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June 6, 2019

Responding in Real Time: 5G and Latency .

Responding in Real Time: 5G and Latency

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CTIA Research Team

In May 1844 an American inventor named Samuel Morse did something very simple: he pressed down on a button and completed an electrical circuit. This was, however, no ordinary circuit—the connection Morse created, and the ones that followed in a pattern of dots and dashes that mirrored the alphabet, became the first telegram ever sent in the United States.

Morse’s invention had an enormous impact on how the world worked. It exponentially increased the speed at which people could respond to information transmitted or received over long distances. In effect, the telegraph system reduced latency— the delay between a request for a movement of data and that movement taking place— in our communications.

Today, we are beginning another revolutionary leap forward in communications technology: the fifth generation of wireless, or 5G. 5G reduces the latency of existing 4G networks by a factor of five and enables huge advancements across industries, including:

Autonomous vehicles.

Today’s autonomous vehicles rely on the car’s ability to sense its surroundings, but with 5G-enabled smart city sensors, the street and traffic lights, among other elements of our road infrastructure, will be able to talk back to the vehicle, enabling a data “conversation” powered by low latency. Cars’ ability to gather, process and respond to information from the world around them through sensors in the environment will also make them better able to respond to changing traffic conditions. 4G’s latency means that a car gets the message to apply brakes after 4.6 feet, but in 5G that message reaches the vehicle after just one inch of movement.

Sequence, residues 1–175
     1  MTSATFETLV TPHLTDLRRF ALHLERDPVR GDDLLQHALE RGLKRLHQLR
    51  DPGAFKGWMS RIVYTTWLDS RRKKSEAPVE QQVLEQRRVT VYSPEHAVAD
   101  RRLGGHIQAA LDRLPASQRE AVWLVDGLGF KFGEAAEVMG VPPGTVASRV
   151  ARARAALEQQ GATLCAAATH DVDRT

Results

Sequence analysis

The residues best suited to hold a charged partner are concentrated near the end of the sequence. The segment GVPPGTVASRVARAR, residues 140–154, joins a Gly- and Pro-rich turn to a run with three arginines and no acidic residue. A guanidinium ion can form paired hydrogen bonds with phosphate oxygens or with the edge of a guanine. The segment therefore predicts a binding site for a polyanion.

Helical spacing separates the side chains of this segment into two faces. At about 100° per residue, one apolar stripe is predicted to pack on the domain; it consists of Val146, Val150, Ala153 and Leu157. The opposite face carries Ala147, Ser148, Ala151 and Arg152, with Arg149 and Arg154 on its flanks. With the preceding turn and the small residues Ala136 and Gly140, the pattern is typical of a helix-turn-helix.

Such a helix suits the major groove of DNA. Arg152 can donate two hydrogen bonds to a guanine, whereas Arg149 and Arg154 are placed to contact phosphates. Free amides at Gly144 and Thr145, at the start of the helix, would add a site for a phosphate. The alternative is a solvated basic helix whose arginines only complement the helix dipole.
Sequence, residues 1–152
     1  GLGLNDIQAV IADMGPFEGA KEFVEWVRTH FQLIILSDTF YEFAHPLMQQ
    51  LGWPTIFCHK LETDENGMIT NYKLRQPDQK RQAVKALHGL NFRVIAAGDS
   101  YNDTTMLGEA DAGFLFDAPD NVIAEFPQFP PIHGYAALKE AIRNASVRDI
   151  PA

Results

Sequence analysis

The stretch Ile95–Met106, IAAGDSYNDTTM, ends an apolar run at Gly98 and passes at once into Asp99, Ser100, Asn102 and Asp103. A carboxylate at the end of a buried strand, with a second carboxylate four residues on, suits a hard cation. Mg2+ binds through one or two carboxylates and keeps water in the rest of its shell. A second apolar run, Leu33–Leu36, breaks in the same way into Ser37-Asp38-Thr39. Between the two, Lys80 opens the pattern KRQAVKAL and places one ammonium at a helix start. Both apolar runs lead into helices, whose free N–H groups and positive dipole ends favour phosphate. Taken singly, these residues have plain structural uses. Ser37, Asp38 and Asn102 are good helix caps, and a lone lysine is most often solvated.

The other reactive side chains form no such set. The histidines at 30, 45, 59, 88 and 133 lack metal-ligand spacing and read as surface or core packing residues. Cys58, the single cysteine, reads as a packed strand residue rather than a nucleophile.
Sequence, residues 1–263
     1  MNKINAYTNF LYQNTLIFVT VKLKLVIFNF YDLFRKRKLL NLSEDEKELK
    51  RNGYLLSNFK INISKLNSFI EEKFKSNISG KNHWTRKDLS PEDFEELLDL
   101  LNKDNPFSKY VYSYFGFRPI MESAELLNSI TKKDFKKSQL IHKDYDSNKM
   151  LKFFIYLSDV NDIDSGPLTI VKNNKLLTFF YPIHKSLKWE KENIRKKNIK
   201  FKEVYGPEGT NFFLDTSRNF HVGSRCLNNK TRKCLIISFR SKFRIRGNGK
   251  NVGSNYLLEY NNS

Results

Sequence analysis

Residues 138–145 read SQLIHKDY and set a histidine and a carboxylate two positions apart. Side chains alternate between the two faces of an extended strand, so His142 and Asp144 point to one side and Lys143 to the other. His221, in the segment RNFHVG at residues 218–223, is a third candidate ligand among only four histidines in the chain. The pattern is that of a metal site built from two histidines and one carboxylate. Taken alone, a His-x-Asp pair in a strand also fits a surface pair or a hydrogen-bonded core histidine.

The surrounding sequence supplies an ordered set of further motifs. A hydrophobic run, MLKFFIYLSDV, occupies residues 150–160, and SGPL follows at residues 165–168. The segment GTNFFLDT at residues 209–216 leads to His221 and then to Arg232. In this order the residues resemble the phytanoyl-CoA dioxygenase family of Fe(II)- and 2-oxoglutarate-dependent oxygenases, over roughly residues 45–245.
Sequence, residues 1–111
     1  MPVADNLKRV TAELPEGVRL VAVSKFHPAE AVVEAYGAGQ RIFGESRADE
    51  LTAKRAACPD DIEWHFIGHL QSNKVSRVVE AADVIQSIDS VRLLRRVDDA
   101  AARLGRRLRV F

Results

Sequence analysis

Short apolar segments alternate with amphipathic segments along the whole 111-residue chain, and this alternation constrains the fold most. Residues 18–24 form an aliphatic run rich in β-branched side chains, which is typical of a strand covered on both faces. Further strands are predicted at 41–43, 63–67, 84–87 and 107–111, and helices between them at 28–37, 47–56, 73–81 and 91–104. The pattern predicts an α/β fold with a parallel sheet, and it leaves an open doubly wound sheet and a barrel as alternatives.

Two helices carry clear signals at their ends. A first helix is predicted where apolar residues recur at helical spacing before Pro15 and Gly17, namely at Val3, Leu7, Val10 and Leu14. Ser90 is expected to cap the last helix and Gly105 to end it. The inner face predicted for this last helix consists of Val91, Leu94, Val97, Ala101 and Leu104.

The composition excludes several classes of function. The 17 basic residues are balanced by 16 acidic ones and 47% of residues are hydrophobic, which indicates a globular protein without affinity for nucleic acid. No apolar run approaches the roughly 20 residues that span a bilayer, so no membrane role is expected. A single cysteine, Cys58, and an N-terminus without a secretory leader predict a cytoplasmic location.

Virtual (VR) and augmented (AR) reality.

VR and AR applications—like those that provide a therapeutic environment to work through a stress disorder, help firefighters train for emergencies, or even enhance a sports event—are most realistic when the virtual world is seamlessly integrated into our real one. 5G’s low latency will be key to removing noticeable lags that occur when there isn’t enough computing power to process a data-heavy application.

Healthcare and Robotic Surgery.

Faster data processing will have an impact in the operating room, too. With VR and AR powered by 5G, doctors can preview a patient’s surgical procedure or scans in 3-D, making them better prepared for complex medical procedures. Remote diagnostics and robotic surgery also benefit from decreased latency in 5G, allowing the large files required to process medical data to move from a patient in one location to a doctor in another, or making an operation less invasive thanks to ultra-responsive robotic tools that are more precise and flexible than traditional surgical techniques.

When Samuel Morse relayed that first message from Washington to Baltimore in 1844, we never could have predicted the innovation that would blossom from such a simple concept: moving and responding to information faster. Thanks to 5G’s huge improvements in data processing, the next generation of wireless promises to bring us a similarly impactful reduction in latency that will redefine what is possible across industries.

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